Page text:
When police and the government faced accusations that they allowed the protests to spiral out of control, Trudeau on Monday cited the Canadian Emergency Management Act. This gave law enforcement agencies emergency powers to declare blockades illegal, tow trucks, arrest drivers, disqualify them and freeze their bank accounts.

Ottawa police have taken their first step to end the occupation late Thursday night by arresting two key protest leaders. They also blocked most of the city center for outsiders to prevent them from helping the protesters.

The emergency act allowed law enforcement to force tow trucks to provide assistance. Earlier, Ottawa police said they could not find tow truck drivers willing to help because they were either sympathetic to the movement or feared retaliation.

As police worked to remove the fence, Pat King, one of the protest leaders, told the truckers, “Please stay peaceful,” while threatening the lives of tow truck operators.

“You are committing suicide in your career,” King warned on Facebook. “We know where the trucks came from.”

The King himself was later arrested by officers who surrounded him in the car.

Ottawa police have been making it clear for several days that they are preparing to return the streets. On Friday, even as the operation continued, police issued another round of warnings via social media and a loudspeaker, offering protesters another chance to leave and avoid arrest.

Instead, some locked their weapons when officers lined up to push them away.

Dan Holland, a protester from London, Ontario, assembled his car when police closed. “I don’t want this police to beat me,” he said.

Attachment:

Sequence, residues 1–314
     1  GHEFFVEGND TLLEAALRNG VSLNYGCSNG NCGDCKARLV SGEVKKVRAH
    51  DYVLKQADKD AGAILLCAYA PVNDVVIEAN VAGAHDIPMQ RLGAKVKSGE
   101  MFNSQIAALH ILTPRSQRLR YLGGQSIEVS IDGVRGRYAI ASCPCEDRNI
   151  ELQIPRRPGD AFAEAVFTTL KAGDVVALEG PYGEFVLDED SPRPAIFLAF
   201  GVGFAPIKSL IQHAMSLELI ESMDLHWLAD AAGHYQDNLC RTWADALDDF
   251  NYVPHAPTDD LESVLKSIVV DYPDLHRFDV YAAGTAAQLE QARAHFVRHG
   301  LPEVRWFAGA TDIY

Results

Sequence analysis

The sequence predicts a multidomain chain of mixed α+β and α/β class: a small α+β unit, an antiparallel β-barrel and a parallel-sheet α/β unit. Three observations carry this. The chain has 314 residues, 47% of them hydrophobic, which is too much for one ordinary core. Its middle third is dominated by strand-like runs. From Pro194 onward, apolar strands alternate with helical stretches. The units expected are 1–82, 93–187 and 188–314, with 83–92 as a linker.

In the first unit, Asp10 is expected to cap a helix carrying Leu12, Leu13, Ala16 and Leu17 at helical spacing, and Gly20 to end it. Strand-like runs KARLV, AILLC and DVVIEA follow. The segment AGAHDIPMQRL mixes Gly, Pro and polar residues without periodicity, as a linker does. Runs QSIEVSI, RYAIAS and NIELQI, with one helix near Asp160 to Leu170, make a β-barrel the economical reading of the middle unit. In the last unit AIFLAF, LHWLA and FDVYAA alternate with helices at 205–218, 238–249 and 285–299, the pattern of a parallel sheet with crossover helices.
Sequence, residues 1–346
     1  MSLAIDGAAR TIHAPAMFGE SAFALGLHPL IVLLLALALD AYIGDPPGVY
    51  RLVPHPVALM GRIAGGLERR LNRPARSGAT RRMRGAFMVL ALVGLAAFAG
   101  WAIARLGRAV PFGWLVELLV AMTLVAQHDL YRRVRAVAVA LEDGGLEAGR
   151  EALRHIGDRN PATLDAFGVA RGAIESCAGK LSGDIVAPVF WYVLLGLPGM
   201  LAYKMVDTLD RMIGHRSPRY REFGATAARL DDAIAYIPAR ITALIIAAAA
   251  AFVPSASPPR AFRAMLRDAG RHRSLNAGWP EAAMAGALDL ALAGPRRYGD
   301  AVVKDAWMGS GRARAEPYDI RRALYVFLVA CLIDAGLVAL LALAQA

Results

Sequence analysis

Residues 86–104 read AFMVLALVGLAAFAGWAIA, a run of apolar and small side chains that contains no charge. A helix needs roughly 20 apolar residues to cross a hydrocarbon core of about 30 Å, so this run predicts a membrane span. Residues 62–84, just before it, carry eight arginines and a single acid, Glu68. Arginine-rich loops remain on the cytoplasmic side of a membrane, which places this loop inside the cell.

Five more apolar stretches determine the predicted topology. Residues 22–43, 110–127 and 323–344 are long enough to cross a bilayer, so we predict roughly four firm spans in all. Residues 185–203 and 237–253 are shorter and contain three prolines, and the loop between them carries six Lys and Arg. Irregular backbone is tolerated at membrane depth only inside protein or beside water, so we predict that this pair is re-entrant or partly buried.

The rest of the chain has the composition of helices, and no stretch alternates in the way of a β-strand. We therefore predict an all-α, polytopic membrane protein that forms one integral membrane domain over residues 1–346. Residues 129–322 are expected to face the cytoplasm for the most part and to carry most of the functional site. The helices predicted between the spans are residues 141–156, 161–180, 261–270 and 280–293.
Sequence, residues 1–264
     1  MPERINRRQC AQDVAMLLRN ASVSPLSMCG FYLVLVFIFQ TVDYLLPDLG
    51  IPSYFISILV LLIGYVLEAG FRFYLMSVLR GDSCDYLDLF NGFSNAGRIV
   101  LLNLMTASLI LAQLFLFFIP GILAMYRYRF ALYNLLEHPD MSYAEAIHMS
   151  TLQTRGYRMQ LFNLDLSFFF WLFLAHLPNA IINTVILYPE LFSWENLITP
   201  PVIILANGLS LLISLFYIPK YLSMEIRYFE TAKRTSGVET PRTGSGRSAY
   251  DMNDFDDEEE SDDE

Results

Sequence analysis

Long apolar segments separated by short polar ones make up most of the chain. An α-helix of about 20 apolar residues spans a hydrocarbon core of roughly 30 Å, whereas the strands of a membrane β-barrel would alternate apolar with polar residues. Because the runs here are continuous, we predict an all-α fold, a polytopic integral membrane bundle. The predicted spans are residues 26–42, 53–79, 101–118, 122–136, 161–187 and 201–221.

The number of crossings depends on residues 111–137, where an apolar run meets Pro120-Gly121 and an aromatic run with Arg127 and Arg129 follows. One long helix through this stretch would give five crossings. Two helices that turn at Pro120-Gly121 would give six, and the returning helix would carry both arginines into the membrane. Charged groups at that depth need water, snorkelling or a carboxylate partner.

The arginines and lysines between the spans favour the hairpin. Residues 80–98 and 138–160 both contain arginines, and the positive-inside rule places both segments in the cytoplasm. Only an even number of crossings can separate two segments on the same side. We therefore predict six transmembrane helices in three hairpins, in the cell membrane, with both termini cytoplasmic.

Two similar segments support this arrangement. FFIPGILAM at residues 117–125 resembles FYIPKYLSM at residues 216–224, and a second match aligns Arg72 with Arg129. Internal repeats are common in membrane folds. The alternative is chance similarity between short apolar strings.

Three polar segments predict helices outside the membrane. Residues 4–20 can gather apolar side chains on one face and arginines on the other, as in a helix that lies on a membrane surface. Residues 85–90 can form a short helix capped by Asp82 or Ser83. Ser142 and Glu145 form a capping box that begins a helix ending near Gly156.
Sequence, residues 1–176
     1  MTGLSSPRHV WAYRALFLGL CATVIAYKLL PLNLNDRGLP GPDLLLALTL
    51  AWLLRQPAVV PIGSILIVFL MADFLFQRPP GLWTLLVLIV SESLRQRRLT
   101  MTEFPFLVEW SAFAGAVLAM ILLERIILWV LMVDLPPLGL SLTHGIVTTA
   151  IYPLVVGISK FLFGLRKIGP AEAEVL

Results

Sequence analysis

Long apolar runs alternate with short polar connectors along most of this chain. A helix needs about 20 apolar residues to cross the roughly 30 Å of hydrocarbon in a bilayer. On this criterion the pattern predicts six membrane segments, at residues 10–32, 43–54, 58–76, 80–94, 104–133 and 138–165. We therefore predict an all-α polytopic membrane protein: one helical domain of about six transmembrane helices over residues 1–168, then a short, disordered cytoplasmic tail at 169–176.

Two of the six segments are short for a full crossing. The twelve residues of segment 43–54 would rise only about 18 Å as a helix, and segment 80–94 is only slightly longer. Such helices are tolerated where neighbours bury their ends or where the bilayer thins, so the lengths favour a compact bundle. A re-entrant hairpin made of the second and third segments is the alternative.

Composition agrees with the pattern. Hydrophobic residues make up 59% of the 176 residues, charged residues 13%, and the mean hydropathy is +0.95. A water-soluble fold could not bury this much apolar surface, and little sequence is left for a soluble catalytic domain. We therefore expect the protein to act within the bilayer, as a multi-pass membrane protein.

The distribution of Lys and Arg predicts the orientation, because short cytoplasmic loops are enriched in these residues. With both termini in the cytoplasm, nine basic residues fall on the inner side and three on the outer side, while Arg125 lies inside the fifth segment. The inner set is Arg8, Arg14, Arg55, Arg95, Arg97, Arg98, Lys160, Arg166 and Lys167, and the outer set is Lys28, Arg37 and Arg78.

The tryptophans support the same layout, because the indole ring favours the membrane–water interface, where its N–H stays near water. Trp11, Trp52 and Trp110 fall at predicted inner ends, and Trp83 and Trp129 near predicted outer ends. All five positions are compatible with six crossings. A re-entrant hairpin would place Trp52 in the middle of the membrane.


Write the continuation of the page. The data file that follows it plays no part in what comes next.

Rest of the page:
Children rolled up in coats and hats stood in the crowd. Police said that the demonstrators put young people in the middle of confrontation.

The Freedom Convoy demonstrations initially focused on Canada’s requirements for a vaccine for truckers entering the country, but soon escalated into a widespread attack on precautionary measures against COVID-19 and the Trudeau government.

Residents of Ottawa complained of harassment and intimidation of truckers and sought a court injunction to stop their incessant beeps.

Trudeau portrayed the demonstrators as members of a “godly” element. Canadians have largely adopted restrictions in the country against COVID-19, with the vast majority vaccinated, including about 90% of the country’s truckers. Some of the mandates for vaccines and masks imposed by the provinces are fast falling away.

The biggest border blockade on the Ambassador Bridge between Windsor, Ontario and Detroit, disrupted the flow of auto parts between the two countries and forced the industry to cut production. Authorities withdrew the riot last weekend after the arrest of dozens of protesters.

The last blockade of the border in Manitoba, opposite North Dakota, ended peacefully on Wednesday.

The protests were supported and received donations from conservatives in the United States


Gillis reported from Toronto. Associated Press writer John Siever of Toledo, Ohio, contributed.